The Orchid Ensemble is in the process of finishing its 4th CD “From A Dream”, featuring original compositions the ensemble has commissioned between 2000 and 2010.
From a Dream《夢境》－Dorothy Chang 張彥芸 (2010)
Inspired by various images of China’s Huangshan (“Yellow Mountain”), From a Dream was composed to reflect the poetic qualities of this spectacular sight: stillness, strength, delicacy, eternalness. The work contains five main sections, each one loosely representing specific imagery of the mountain, from the dream-like drifting layers of mist and clouds, to its sparkling waterfalls, craggy peaks and ancient pine trees. The opening is quiet, minimal and static, then gradually gathers momentum. From a Dream was commissioned by the Orchid Ensemble, with funding from the Canada Council for the Arts.
Ghosts of the Living 《人鬼》－ Farshid Samandari (2008)
This piece depicts characters who breathe, act, and haunt the well-being of others as ghosts. It focuses on paradoxical and ironic dual nature of such beings. Ghosting acts as a function that binds distinct melodic modes and tonal centres to form a composite modal system, it also creates a framework for the polyrhythm. The piece is inspired by the following story by Sa’dī: An unjust king asked a devotee what kind of worship is best? He replied: “For thee the best is to sleep one half of the day so as not to injure the people for a while.”
I saw a tyrant sleeping half the day.
I said: “This confusion, if sleep removes it, so much the better”:
But he whose sleep is better than his wakefulness
Is better dead than leading such a bad life.”
(Gulistan of Sa’dī Edwin Arnold tr.)
Fire 《火》－ Jin Zhang張進 (2007)
The piece takes inspiration from a major fire that burned Nanaimo Chinatown to the ground in 1960. Fire also represents struggle, hardship and the opportunity for regeneration and rebirth.
No Rush 《緩》－ Jin Zhang張進（2000）
Written in three sections, this work is an exploration of contrasts, moving between tenderness and strength, forcefulness and tranquility. The piece was commissioned by Orchid Ensemble with a Canada Council grant.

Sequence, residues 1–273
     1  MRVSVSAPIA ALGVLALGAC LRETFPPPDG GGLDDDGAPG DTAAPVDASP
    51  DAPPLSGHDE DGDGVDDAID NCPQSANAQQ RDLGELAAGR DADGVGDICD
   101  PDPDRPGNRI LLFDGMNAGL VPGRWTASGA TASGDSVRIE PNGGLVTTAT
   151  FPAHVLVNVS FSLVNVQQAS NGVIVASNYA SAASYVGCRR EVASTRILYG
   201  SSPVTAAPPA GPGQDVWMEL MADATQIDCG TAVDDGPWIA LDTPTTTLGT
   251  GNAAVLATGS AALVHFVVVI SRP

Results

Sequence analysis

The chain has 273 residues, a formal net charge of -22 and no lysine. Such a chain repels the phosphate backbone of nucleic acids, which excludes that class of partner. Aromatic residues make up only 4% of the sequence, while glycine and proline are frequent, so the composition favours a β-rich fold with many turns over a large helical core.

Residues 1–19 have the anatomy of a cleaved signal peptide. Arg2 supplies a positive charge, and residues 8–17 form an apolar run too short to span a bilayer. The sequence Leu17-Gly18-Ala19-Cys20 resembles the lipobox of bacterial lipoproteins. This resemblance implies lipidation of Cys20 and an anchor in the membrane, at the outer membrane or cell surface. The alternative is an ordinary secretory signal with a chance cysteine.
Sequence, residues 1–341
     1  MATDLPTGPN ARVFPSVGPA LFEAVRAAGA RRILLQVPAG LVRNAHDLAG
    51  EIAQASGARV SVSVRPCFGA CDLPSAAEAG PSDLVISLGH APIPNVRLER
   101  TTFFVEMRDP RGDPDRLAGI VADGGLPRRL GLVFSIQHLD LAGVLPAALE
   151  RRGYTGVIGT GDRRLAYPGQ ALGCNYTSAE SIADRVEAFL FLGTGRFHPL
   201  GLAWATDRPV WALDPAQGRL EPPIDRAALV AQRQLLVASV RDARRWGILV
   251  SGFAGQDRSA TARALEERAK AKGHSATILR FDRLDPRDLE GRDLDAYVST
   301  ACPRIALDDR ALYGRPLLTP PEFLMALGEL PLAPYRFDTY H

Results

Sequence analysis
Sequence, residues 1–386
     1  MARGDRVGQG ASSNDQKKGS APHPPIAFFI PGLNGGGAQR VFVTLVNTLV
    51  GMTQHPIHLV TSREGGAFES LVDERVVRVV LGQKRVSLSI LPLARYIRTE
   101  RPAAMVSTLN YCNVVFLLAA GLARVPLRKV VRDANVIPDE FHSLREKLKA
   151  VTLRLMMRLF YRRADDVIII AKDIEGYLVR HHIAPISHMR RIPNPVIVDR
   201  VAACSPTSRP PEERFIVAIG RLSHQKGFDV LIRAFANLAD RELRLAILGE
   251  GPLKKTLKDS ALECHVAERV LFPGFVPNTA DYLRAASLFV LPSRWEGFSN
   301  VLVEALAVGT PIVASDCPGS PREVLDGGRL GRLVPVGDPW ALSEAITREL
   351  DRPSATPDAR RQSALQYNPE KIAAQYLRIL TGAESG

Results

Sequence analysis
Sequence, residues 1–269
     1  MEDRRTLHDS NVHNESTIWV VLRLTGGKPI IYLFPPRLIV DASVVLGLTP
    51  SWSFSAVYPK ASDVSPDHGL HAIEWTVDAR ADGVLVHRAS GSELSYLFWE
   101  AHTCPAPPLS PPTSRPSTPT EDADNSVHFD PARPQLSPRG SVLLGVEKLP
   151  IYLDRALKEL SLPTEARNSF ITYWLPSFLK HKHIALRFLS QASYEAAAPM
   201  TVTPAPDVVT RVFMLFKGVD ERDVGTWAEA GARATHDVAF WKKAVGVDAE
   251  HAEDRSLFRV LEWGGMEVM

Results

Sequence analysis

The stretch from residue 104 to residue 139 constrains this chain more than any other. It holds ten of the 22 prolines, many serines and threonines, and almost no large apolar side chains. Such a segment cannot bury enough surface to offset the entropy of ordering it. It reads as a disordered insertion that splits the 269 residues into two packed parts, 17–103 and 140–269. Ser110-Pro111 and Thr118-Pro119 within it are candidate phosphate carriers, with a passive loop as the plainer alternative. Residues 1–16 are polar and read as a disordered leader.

Xiao He Tang Shui (Little Stream) – arr. Lan Tung (2010), Chinese folk song 《小河淌水》－董籃 (2010) 改編自雲南民歌
Under the moonlight by the foot of the mountains, she sings a haunting melody to her lover, who has gone logging in the deep forests. This is a famous folk song from southwestern China. Lan’s arrangement features a dialogue between the voice and the zheng, contrasting between lyrical and rhythmic phrasings, with room for improvisation.
The rising moon shines over the river
Seeing the moon reminds me of my love in the deep mountains
He is like the moon walking in the sky
My love, do you hear me?
Listening to the Pines (Ting Song) 《聽松》（聽宋）－Hua Yan-jun (1890-1950), Arr. Lan Tung (2004) 華彥君曲，董籃編曲
During the Song Dynasty (960AD -1279AD) there were many wars between the Han in central China and the invading northern Jin (Jurchen). One account from this period describes a battle where the forces of Yue Fei, the famous Han general, routed the Jin army, which then fled in panic to the foot of a mountain. There the Jin waited anxiously, listening to the sound of the approaching Han troops by putting their ears to stones known as pine stones. This piece was inspired by that event. Hua Yan-Jun, also know as A Bing, was a wandering blind folk musician who left a rich legacy of compositions that have become “classics” in Chinese music.